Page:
Ceramic Hybrid Shots Take the Sting Out of NeedlesPublished on June 8th, 2009 | By: firstname.lastname@example.org
January 7, 2008
WESTERVILLE, OHIO – New polymerization technology may one day take the pain out of injections and blood draws. A team of researchers at the University of North Carolina and Laser Zentrum Hannover have recently used two-photon polymerization to create hollow needles so fine patients wouldn’t feel them piercing their skin. Clustered together on a patch, these microneedles can deliver drugs or draw blood efficiently as standard hypodermic needles. These findings are reported in the International Journal of Applied Ceramic Technology.
Developing a way to deliver drugs intravenously with minimal pain and trauma, by someone without medical expertise, has long been a mission of biomedical engineers. Until recently, their most promising product had been stainless steel and titanium microneedles. These metal microneedles, though, are prone to break on impact with skin.
Researchers led by Roger Narayan, MD, PhD, of the University of North Carolina , used two-photon polymerization of organically modified ceramic (Ormocer®) hybrid materials to create microneedles resistant to breakage. Another benefit of the hybrid needles is that they can be made in a wider range of sizes than those made with conventional microfabrication techniques.
The first patients Narayan imagines will benefit from his technique are those who require frequent injections or blood monitoring.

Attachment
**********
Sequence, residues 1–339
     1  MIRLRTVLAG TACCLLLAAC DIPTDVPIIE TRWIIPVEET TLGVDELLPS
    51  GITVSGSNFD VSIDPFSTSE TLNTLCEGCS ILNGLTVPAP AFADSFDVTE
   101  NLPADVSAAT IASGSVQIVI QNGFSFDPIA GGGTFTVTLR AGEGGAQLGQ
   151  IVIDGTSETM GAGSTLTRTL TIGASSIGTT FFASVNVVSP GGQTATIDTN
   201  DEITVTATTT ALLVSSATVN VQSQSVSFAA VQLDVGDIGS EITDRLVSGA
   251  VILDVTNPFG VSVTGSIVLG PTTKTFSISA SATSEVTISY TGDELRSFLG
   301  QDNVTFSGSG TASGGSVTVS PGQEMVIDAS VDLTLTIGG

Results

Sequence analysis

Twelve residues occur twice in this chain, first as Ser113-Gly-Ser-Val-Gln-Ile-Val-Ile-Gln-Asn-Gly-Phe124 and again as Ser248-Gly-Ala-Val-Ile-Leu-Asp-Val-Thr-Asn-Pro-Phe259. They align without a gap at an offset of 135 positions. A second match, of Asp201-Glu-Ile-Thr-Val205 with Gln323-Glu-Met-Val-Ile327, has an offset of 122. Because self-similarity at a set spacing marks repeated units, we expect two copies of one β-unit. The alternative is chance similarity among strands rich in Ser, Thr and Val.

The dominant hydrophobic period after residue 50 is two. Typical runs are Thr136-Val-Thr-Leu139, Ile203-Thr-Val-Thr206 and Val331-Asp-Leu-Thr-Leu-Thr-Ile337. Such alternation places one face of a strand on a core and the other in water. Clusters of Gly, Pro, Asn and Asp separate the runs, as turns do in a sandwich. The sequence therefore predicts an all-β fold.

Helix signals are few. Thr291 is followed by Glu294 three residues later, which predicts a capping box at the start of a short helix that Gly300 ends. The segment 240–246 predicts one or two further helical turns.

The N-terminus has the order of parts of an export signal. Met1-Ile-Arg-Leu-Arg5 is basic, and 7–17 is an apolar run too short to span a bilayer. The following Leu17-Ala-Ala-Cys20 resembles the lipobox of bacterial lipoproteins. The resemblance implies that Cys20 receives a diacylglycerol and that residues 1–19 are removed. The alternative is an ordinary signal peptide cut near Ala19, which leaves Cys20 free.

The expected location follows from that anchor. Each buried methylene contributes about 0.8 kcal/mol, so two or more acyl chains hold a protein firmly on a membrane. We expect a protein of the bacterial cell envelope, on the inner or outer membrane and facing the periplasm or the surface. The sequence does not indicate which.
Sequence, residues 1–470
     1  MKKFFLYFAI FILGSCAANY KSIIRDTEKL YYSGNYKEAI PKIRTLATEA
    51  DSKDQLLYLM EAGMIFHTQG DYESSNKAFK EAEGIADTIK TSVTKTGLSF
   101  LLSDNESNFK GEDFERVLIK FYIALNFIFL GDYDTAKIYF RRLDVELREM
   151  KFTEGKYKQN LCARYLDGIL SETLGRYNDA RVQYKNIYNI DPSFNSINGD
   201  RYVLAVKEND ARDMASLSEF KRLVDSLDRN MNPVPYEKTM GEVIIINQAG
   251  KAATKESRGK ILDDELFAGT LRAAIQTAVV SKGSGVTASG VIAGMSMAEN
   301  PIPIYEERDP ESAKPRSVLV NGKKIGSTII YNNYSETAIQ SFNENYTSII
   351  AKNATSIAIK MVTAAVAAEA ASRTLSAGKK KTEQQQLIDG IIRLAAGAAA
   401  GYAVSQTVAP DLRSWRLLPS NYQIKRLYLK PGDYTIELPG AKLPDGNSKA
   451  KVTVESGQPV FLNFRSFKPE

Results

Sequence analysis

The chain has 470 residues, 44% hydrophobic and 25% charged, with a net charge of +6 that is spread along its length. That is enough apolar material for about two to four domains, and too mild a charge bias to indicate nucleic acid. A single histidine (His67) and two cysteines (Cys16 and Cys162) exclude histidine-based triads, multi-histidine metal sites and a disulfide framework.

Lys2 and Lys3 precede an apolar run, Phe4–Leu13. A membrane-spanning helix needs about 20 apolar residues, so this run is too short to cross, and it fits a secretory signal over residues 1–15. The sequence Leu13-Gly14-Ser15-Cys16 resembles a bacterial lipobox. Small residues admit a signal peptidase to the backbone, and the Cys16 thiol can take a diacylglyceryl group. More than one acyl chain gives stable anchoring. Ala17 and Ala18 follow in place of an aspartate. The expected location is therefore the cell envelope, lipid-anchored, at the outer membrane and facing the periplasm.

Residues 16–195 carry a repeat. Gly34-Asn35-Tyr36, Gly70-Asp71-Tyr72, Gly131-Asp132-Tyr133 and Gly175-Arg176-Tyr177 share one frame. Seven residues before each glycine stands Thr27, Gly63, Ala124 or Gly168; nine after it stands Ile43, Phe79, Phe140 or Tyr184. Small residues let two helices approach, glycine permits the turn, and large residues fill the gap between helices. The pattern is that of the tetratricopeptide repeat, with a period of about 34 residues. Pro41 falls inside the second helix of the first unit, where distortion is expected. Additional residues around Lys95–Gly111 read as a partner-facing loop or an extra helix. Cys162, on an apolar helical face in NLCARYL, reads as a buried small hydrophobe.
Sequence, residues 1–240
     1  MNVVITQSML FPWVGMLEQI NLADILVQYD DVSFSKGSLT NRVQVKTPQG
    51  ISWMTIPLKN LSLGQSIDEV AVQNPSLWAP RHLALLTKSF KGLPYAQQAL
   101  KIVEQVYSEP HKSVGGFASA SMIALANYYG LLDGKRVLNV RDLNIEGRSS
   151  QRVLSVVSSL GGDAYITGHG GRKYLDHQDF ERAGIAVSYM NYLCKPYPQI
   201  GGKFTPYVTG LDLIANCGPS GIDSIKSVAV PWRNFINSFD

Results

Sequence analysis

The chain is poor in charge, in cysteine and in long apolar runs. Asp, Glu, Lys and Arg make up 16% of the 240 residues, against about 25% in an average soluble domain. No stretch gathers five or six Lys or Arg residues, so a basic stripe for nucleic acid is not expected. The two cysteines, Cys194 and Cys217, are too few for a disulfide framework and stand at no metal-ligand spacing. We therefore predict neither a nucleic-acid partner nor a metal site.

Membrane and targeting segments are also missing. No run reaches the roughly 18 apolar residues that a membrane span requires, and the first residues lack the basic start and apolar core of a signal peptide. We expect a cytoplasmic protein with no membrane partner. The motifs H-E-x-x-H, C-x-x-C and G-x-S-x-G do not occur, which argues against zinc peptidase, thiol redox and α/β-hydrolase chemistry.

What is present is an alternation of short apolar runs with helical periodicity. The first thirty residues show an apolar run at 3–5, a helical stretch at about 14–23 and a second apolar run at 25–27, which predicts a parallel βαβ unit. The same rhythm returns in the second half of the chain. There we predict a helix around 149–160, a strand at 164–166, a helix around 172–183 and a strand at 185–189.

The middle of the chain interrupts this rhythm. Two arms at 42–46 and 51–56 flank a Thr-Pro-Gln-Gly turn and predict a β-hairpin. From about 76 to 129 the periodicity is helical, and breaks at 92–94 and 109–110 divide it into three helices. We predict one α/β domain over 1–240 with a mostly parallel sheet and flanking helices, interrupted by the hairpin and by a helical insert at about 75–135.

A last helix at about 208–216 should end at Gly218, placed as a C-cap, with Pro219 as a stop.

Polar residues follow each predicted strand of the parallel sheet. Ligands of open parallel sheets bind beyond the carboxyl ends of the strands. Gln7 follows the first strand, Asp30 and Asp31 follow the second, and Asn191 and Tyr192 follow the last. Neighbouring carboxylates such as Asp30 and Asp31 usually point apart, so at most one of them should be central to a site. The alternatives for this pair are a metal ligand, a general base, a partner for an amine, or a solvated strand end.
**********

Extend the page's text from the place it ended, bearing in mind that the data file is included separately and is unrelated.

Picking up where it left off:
“Microneedles may be integrated with micropumps and biosensors to provide autonomous sampling of blood, analysis, and drug-delivery capabilities for treatment of chronic disease,” he said. “For example, one needle, pump and sensor unit would assay the glucose level in interstitial fluid of patients with diabetes mellitus. Another needle, pump and drug-delivery unit would deliver insulin in a continuous or programmed manner.”
This study is published in the International Journal of Applied Ceramic Technology. Media wishing to receive a PDF of this article may contact email@example.com.
To view the abstract for this article, please click here.
Roger Narayan is affiliated with the Joint Department of Biomedical Engineering at the University of North Carolina in Chapel Hill and can be reached for questions at firstname.lastname@example.org.
Published on behalf of the American Ceramic Society, the International Journal of Applied Ceramic Technology publishes cutting-edge applied research and development work focused on commercialization of engineered ceramics, products and processes.
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